Professional Advice for Forming an LLC in Mississippi
For anyone starting a business, the legal aspects can be intimidating. The first step is to choose your business’ structure. If you’re here, it means you’re thinking of starting an LLC in Mississippi.
An LLC, or “limited liability corporation,” is one of the simplest and easiest ways to protect your business or assets against legal actions. Forming an LLC in Mississippi is especially simple. Here’s what you need to know!
Naming Your Enterprise
The very first step is to choose a name for your Mississippi LLC. There are some basic ground rules you need to follow for doing this.
- The name must contain the words “LLC” or “limited liability corporation”
- A Mississippi LLC’s name cannot be confused with that of a government agency, such as the Treasury.
- Certain words, such as “Bank” or “Attorney,” can only be used under special legal circumstances.
- Now, search for your name in the state database to make sure it’s available.
After choosing a name, it’s time to choose a Registered Agent for your LLC Mississippi. A Registered Agent is someone authorized to receive legal documents for your business. It can be anyone who can legally do business in the Magnolia State. You can be your own Registered Agent, or you might consider hiring a Registered Agent service.
Certificate of Formation
The next step for any LLC in Mississippi is to file a Certificate of Formation. This can be done online or by mail. In either event, it costs a $50 filing fee.
You will need an NAICS code when filing your Certificate of Formation. This is a 6-digit number used to officially classify the line of business you’re in. Feel free to figure out your NAICS code here.
An operating agreement sets our the basic structure of an LLC. It states in writing who owns the business and how it is to operate on a daily basis. It’s not strictly necessary to have for your Mississippi firm, and you don’t have to file it with the state, but it is a really good idea!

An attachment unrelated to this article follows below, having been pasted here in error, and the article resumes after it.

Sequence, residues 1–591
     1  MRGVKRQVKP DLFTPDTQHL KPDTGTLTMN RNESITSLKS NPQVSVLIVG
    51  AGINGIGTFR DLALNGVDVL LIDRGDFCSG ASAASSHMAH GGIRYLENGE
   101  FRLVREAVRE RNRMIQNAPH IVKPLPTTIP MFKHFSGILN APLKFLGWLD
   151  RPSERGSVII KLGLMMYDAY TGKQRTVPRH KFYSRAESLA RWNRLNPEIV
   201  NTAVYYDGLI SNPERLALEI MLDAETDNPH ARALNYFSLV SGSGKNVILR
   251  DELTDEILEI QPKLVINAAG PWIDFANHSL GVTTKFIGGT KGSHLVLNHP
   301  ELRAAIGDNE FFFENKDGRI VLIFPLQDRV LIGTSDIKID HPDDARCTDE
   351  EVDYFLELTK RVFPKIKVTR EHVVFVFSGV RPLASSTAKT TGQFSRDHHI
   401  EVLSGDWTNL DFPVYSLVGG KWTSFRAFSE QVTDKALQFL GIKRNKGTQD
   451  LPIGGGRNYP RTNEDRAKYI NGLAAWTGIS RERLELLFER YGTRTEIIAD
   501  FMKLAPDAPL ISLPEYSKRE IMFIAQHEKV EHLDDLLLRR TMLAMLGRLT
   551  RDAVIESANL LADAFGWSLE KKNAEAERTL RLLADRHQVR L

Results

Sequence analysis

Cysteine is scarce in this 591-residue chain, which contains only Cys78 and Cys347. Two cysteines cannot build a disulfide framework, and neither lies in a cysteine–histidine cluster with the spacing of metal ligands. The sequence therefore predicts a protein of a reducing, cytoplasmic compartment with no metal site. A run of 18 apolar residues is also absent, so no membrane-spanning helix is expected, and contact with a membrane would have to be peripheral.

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Obtaining an EIN
An EIN is a number the government uses to identify your business. It is needed for tax purposes, and you also need it to open a bank account and hire employees.
You can do this online, or you can fill out a form.
You don’t need to enter your SSN to get an EIN, if you so choose. While most people use the default tax option when getting an EIN, some find other options preferable. Feel free to ask an accountant which is better for your business.
Further Protecting Assets
The whole point to forming an LLC, of course, is to protect your business assets against legal problems. There are two additional steps you must take, however, to assure this result: opening a business bank account and obtaining a business credit card.
Both help separate your personal assets from your business assets and improve accounting and tax filing. The credit card will help your company build credit, as well. You may wish to shop around for the best credit card for your business.
Another important, though often overlooked, step in protecting your personal assets is to be very careful how you sign your LLC’s legal documents. Make sure you’re signing as the business owner or representative and not as you yourself!
Here is a simple formula to use when giving your John Hancock on behalf of the business:
I- Formal business name
II- Your signature
III- Your printed name
IV- Your business title
Finally, you must consider protecting your business’ assets through insurance. Most small business owners purchase general liability insurance. You may need to consider professional insurance and worker’s comp insurance, which are sometimes legally mandatory.
Beyond this, any insurance you purchase will reflect the specific needs of your enterprise. Depending on what type of business it is, who your clientele are, and what area of the state you live in, you may consider buying flood insurance, boiler and machinery insurance, product liability, business interruption insurance, overhead expense, or disability insurance.
So, now you’re finally ready to launch your business, right? There are still a few important bases to cover. You may need to obtain a license and permits for your business enterprise, in accordance with federal, state, and local requirements. For instance, you may need to get health, building, signage, and other permits.